TRENTON – Assembly Republicans went toe-to-toe with their Democratic counterparts Thursday as they spoke out against a handful of measures that made up more than 20 controversial gun bills.
The General Assembly voted to approve the controversial package during a full voting session. Republicans joined Democrats on some proposals, while fighting with their colleagues from across the aisle on a handful of the bills.
“I really don’t believe that we had enough time to properly discuss [and] debate,” said Assemblyman Sean Kean, (R-30), who sits on the Assembly committee that recently hosted a seven-hour debate on many of the bills.
“I don’t believe that we really had [an] appropriate time period,” he said, adding the proposals won’t have their intended effects, arguing rather that they are knee-jerk reactions.
Kean’s comments were echoed by other GOP lawmakers who held a news briefing prior to the Assembly’s vote. Republican leadership blasted Democrats for “looking for a wedge issue” during a political year, said Assembly Republican Leader John Bramnick, (R-21).
“The Democrats in New Jersey have decided to rush through legislation that were drafted poorly and doesn’t begin to solve the problem,” he said, later declaring on the floor that Democrats have made Thursday an “anti-gun day.”
However, Democrats argued lawmakers are doing their best at “protecting the beautiful document that is our Constitution,” while crafting legislation that will protect New Jersey residents from gun violence, said Assemblyman Louis Greenwald, (D-6).
“I understand the emotion surrounding all of [this],” he said. “What we are trying to legislate … is the balance.”
The Assembly cleared more than 20 gun-related bills from the floor with varying support from Democratic and Republican lawmakers.
Democrat Nelson Albano, who voted against many of these bills in committee, was absent from today’s session because of health reasons, according to a source.
The following bills cleared the Assembly in about an hour-and-thirty minutes.
A588, prohibits possession of ammunition capable of penetrating body armor.
A1116, establishes 180-day prohibition on handgun purchases for certain people who fail to report the loss or theft of a firearm.
A1329, reduces the maximum capacity of ammunition magazines in a clip to 10 rounds.
A1387, permits municipalities to establish weapons-free zones around schools and public facilities.
A1683, criminalizes the purchase or possession of firearms ammunition by people convicted of certain crimes.
A3510, requires proof of firearms safety training as a condition for issuance of firearms purchaser ID cards and permits to purchase handguns.
A3583, creates task force to explore areas to improve school safety.
A3645, requires ammunition sales and transfers to be conducted as face-to-face transactions.
A3659, revises definition of destructive device to include certain weapons of .50 caliber or greater.
A3668, prohibits investment by state of any pension and annuity funds in companies that manufacture, import or sell assault firearms for civilian use.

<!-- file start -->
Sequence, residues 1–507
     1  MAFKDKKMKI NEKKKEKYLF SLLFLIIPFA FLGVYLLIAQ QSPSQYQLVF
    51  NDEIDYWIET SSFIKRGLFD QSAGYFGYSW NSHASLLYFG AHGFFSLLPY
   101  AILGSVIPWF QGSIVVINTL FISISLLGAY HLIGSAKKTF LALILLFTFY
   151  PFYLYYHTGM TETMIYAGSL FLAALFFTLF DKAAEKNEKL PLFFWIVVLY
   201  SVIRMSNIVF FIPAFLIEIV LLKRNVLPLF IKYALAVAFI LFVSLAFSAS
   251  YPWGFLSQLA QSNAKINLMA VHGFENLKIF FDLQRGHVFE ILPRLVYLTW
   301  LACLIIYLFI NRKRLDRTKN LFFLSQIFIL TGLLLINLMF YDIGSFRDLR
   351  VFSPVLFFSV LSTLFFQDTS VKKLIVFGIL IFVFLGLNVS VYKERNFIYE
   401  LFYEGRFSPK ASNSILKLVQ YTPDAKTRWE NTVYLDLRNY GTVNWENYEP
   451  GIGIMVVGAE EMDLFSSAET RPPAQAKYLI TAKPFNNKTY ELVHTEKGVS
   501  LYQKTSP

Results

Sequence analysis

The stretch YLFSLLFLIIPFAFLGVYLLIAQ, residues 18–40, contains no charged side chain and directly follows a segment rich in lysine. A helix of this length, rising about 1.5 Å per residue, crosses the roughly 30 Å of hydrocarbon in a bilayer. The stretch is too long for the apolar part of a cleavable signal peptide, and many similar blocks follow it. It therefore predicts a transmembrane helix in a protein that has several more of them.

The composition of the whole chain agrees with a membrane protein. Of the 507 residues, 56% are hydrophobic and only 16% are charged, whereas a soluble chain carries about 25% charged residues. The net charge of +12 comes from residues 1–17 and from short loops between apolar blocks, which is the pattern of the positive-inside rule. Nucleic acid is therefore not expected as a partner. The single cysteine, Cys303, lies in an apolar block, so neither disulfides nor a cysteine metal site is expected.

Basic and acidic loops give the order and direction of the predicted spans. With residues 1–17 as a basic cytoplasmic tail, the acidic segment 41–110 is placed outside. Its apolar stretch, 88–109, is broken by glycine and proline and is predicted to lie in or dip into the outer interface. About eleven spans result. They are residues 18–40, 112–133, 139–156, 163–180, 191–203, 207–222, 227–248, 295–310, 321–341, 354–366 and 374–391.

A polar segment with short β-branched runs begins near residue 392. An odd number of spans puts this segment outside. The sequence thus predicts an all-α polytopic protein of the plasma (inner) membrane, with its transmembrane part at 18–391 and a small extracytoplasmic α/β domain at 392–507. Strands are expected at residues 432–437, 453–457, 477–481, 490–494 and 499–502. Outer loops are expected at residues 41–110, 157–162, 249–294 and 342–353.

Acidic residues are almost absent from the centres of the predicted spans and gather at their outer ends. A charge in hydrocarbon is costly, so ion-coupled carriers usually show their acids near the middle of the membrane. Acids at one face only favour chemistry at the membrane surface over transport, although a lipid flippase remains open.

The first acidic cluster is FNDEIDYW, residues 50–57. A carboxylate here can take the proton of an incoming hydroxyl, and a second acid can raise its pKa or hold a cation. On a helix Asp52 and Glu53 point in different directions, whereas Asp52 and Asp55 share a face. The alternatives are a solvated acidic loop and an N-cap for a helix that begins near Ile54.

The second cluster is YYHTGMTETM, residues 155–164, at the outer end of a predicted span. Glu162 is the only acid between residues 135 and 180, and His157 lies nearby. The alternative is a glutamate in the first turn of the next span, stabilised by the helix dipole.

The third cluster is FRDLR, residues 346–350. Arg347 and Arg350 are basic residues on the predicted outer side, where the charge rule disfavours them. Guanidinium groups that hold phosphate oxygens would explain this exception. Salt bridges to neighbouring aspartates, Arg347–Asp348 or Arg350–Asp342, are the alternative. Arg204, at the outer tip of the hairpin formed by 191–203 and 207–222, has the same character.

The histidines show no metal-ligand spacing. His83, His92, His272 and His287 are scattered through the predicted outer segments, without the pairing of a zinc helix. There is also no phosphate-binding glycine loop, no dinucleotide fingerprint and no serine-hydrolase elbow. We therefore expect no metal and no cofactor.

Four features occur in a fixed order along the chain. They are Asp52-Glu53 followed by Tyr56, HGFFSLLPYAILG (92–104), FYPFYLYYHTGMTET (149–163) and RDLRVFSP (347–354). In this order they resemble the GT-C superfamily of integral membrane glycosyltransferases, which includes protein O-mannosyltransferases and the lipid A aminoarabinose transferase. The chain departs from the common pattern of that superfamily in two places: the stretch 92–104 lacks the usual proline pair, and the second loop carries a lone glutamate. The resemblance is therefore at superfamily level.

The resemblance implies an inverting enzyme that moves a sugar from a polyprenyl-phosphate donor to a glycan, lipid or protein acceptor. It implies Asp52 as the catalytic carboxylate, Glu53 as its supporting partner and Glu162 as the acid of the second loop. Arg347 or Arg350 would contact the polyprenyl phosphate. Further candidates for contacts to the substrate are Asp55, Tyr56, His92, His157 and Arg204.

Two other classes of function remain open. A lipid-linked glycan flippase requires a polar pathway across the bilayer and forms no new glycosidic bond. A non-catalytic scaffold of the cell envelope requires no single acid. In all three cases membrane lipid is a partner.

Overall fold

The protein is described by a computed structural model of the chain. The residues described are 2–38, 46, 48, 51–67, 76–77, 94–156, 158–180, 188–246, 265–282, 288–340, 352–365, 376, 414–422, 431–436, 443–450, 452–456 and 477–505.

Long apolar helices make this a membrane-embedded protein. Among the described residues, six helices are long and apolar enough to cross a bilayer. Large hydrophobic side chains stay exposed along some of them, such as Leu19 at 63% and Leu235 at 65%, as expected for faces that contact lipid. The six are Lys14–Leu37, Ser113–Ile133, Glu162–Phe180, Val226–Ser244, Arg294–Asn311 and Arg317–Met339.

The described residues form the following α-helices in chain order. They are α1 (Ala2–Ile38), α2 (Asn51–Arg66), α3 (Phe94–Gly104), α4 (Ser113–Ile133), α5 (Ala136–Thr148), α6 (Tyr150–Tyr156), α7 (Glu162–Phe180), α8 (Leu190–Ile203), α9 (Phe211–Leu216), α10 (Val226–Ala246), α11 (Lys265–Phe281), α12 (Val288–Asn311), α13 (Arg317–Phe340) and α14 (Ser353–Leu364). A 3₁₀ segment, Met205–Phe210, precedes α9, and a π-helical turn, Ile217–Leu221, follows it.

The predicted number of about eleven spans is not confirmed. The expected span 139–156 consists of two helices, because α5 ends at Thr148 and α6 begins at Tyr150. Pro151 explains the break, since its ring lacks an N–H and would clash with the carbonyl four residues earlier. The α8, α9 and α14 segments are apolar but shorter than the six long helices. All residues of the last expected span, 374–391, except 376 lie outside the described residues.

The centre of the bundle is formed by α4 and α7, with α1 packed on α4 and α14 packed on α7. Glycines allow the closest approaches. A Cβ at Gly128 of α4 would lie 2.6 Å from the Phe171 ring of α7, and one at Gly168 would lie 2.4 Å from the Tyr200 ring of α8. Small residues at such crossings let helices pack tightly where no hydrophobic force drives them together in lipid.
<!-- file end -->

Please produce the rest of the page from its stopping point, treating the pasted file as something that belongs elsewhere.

A3687, disqualifies a person named on the federal Terrorist Watchlist from obtaining firearms identification cards or permits to purchase handguns.
A3717, requires submission of certain mental health records to National Instant Criminal Background Check System.
A3748, requires background check for private gun sales.
A3754, requires firearms seizure when mental health professional determines patient poses threat of harm to self or others.
A3772, requires that firearms purchaser identification cards display picture and mandates that identification cards be renewed every five years.
A3788, codifies regulation exempting firearms records from state’s open public records law and abolishes common law right of access to these records.
A3796, provides a 90-day window for people to dispose of certain unlawfully possessed firearms.
A3797, requires law enforcement to report certain firearms information to inter-jurisdictional electronic databases including the National Integrated Ballistics Identification Network.
ACR180, urges President Barack Obama and U.S. Congress to enact legislation enforcing stricter firearms control measures.
AR143, expresses support for Attorney General’s gun buyback program.
A2692, dubbed “Christopher’s Law,” provides courts with the option of ordering juveniles adjudicated delinquent to receive interactive instruction in preventing gang involvement and gang violence.
AR144, urges Gov. Chris Christie’s administration not to apply for annual exemption from requirements of federal Mental Health Parity and Addiction Equity Act of 2008.
The Assembly also voted to approve several other proposals during Thursday’s voting session:
A3061, exempts certain maintenance engineers from heating, ventilating, air conditioning and refrigeration license requirements.
A3760, requires that certain HIV testing be performed within 48 hours of request by victim.
The Assembly also voted to enact the Jessica Lunsford Act.
The proposal, which increases penalties of certain sex offenders and persons who harbor them, unanimously cleared the lower chamber with 77 votes.